The lead of Netflix’s Atypical isn’t normal. But neither is anyone else. And the series would really like you to know that.
The new series (streaming Friday, ** ½ out of four), created by Robia Rashid (The Goldbergs), follows Sam (Keir Gilchrist), a teenage boy with autism, coming of age and dealing with the same issues as his peers: fears about dating and growing up. His mother Elsa (Jennifer Jason Leigh) has trouble stepping back and letting Sam take more control of his life, while his father Doug (Michael Rapaport) finds new ways to connect to his son. His sister Casey (Brigette Lundy-Paine) tries to carve out her own life apart from the family’s focus on Sam.
Atypical is at its strongest when it focuses on Sam and his unique view of the world. Gilchrist is strong and appealing in the role, offering voiceover narration that explains Sam’s actions and words, leading the viewer to take his point of view when the rest of the world only sees its own. At one point, Sam asks a girl who gave him a Valentine in elementary school (which he saved) on a date. She can’t figure out why he’s so persistent, but we know it’s because she was once kind and expressed an interest.
As strong as the Sam-focused story is, the series has trouble in the first few episodes developing the storylines of his family members.
Elsa starts the series on a self-destructive path because Sam has begun to outgrow her influence, which makes sense on the surface, but the series hasn’t provided enough backstory to make it seem interesting. Doug is a clueless husband, with not much dimension to him. Casey’s rebellious and protective nature isn’t fully fleshed out right away, so when she punches a classmate in defense of a bullied peer, it’s more random than charming.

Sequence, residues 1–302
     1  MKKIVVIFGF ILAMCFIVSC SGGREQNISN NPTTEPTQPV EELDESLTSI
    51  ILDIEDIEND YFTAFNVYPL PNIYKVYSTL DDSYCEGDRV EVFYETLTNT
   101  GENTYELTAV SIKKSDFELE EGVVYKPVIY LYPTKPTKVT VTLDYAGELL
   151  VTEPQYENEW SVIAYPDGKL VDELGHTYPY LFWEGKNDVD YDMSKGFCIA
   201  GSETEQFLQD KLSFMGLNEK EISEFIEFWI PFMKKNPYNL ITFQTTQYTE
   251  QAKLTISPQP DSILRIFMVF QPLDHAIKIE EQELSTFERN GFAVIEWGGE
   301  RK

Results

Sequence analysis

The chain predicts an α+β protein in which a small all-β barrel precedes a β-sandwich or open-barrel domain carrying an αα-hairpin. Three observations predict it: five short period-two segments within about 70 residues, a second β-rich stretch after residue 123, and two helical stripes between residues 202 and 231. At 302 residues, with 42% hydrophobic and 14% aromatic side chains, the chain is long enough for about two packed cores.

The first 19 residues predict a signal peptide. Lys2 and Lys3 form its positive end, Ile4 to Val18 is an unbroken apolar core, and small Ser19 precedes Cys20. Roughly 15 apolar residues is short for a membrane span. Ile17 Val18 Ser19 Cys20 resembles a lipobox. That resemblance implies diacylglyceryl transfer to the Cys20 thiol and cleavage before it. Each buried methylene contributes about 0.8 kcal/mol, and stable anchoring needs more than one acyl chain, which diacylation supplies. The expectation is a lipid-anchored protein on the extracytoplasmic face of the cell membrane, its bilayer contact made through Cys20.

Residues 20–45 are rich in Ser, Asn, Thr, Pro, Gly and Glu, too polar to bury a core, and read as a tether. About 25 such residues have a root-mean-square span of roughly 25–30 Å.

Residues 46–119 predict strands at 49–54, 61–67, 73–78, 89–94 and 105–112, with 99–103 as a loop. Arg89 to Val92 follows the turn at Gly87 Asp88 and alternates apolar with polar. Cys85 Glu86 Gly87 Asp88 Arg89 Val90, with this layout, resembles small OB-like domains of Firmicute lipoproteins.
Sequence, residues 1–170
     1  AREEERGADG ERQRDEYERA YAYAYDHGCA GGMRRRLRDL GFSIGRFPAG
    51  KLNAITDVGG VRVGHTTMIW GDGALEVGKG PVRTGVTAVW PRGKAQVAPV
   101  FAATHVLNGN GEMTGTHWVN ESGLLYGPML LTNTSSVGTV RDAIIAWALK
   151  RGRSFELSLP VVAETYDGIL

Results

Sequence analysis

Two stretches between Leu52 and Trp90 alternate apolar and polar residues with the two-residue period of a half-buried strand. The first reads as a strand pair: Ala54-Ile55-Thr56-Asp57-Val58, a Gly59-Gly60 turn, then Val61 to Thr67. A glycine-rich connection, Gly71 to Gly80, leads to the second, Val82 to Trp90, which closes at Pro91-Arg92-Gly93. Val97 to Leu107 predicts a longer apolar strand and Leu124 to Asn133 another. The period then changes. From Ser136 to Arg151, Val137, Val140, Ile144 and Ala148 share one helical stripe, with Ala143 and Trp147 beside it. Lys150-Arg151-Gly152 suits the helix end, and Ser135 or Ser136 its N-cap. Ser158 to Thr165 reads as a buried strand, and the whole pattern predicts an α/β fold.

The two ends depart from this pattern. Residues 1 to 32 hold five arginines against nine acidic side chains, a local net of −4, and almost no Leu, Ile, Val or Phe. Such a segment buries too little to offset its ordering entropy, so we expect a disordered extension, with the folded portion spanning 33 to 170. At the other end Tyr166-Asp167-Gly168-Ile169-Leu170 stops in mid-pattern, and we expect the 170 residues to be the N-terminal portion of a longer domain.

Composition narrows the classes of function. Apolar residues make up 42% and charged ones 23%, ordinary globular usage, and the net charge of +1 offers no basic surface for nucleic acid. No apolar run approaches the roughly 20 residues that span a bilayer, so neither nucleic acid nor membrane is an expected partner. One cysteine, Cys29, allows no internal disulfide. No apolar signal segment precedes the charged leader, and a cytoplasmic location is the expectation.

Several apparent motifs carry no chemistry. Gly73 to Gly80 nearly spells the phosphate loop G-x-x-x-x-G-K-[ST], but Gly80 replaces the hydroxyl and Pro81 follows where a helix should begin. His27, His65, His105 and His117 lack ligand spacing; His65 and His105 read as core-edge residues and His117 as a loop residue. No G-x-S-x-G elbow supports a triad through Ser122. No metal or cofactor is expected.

Despite Leigh’s appeal, Elsa — who’s the most knowledgeable about autism and has done the most to help Sam — is unlikable, while her husband, who is mostly just winging it, is a more heroic and sympathetic figure. His ignorance is not presented as a parenting weakness but rather as an endearing quirk. When he gets frustrated by what he sees as “PC” language at a support group, we’re meant to see them as unreasonable for correcting him. But if that language helps kids and parents, why shouldn’t Doug learn it?
The other main problem with Atypical is its schmaltzy tone, which becomes far too saccharine after multiple episodes. The series has trouble just letting the story and characters stand on their own, and is focused on its “importance” too often. The moral of the story, that nobody is “normal,” is spoken out loud in moments that make it feel like an afterschool special.
Atypical presents a point of view and a lead character that are, well, atypical in the TV landscape. But its sweetness and predictability make it a little too typical to be great.